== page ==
The company had been taking disparate input in the form of budget requests, and they assumed that the budget requests were unbiased and valid for the construction of the facility. The individual section/responsibility managers on the project had no formal way to align their cost and schedule estimates with the precursor activities or communicate with dependent event managers. As such, inter-activity dependencies and delay effects were not taken into appropriate consideration. Individual managers were using deterministic budget numbers, which were objective-based and supposedly representative of the P50 (median) case as forecasted for both cost and schedule, but they neglected the effects of existing and potential delays.
Company management had to be convinced that the overrun crisis was due to a forecasting issue, as opposed to an execution issue.
Our initial effort was to assure the functional teams that the exercise was not recrimination, nor was it intended to be a policing effort of their activities. After a thorough review of the risk register, we met with all the functional management leaders to get feedback on what they felt the issues were.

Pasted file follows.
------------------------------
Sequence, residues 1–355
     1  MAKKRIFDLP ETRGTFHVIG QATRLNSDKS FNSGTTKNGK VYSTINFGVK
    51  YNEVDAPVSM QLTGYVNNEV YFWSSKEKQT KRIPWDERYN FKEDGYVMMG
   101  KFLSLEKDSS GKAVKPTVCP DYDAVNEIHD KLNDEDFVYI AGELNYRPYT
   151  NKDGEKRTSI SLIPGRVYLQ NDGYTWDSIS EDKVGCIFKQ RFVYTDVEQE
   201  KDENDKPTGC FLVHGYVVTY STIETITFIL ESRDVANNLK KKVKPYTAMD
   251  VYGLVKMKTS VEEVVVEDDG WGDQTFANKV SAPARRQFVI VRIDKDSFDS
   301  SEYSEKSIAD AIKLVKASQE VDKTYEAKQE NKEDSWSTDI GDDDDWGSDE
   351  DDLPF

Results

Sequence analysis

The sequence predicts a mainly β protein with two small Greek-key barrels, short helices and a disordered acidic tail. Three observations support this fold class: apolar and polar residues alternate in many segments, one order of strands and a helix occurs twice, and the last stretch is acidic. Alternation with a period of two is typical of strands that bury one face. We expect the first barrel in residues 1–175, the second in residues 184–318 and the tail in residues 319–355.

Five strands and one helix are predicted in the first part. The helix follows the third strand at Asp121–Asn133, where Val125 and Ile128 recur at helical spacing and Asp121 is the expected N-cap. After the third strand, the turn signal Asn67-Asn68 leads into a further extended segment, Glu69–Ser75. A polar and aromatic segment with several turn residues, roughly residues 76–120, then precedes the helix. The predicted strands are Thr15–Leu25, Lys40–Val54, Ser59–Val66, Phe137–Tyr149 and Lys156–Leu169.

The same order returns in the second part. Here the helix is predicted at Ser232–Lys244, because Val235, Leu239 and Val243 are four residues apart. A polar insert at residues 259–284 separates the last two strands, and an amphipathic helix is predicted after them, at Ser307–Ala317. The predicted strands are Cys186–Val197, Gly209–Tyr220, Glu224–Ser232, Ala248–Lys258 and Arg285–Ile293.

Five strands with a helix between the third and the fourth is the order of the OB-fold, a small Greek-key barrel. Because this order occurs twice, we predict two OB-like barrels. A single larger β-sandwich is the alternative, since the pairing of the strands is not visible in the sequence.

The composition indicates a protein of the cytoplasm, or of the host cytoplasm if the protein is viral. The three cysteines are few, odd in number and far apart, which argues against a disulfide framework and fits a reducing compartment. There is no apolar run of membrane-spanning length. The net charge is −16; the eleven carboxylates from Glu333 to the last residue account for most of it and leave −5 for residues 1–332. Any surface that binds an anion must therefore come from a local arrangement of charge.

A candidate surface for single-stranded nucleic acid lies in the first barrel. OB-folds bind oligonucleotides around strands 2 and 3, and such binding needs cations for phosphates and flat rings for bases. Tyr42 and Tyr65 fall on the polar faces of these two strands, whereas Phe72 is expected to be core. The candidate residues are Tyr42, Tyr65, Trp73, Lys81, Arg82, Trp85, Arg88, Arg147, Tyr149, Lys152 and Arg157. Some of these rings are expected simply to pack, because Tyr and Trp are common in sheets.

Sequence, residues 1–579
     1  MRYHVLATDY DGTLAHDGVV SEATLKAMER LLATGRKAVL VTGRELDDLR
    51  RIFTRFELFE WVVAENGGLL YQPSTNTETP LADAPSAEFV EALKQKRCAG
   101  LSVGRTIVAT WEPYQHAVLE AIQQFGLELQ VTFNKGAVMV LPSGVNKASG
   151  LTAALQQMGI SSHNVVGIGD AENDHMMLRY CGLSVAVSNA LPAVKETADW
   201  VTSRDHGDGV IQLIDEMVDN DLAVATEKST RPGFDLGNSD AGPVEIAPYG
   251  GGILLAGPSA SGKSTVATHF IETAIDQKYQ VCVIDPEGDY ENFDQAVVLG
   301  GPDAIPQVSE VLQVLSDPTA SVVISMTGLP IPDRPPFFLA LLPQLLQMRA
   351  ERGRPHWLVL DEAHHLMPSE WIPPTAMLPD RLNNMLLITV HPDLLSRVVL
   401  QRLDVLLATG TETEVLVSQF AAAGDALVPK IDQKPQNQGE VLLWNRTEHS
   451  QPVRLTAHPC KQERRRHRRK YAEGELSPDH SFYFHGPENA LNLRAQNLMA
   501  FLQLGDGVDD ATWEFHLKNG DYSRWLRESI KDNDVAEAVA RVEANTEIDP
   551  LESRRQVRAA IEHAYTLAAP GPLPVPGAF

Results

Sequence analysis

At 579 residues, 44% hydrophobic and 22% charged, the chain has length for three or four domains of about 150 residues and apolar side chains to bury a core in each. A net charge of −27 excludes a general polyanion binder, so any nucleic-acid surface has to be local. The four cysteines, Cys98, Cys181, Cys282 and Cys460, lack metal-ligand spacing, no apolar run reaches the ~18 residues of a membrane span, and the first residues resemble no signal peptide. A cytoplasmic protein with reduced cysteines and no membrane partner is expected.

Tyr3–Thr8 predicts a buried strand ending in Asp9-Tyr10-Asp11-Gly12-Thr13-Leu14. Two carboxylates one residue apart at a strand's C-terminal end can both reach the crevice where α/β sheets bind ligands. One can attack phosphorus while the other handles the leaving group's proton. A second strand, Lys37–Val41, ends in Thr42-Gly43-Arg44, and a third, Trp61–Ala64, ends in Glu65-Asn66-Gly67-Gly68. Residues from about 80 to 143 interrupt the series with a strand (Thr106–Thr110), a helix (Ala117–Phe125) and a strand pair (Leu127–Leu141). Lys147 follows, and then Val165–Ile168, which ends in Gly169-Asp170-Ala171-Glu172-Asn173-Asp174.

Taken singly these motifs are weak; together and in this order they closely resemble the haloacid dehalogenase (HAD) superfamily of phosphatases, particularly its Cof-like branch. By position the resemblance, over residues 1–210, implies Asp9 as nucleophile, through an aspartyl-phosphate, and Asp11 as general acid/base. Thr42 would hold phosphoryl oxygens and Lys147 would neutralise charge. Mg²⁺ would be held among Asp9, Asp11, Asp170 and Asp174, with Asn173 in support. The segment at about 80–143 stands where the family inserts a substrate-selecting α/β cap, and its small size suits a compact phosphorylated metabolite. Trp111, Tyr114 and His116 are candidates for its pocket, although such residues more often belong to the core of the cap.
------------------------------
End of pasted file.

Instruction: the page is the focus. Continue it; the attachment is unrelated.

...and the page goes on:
We then concentrated on executing an expert interview process that reduced the budget number bias within the cost and schedule forecast effort. We interviewed all functional groups across the project and obtained range-based estimates, as well as the pathways that led to the various results. This allowed us to better link dependent and correlated events with critical path assessment and cost estimation. The work not only provided better forecasting, it also provided indications of high-influence events within the critical path due to the collection of range-based inputs and relationship information.
Company personnel were then trained in the expert interview technique and continued the process after our departure.
The project was eventually completed within 2% of the forecast amount (both cost and schedule) determined by our work.
Following this project, the client called upon Decision Strategies twice to return; on one occasion, to carry out decision support within the logistics effort for marine fleet management, and on the other, for emergency preparedness for facility evacuation and remediation priority planning.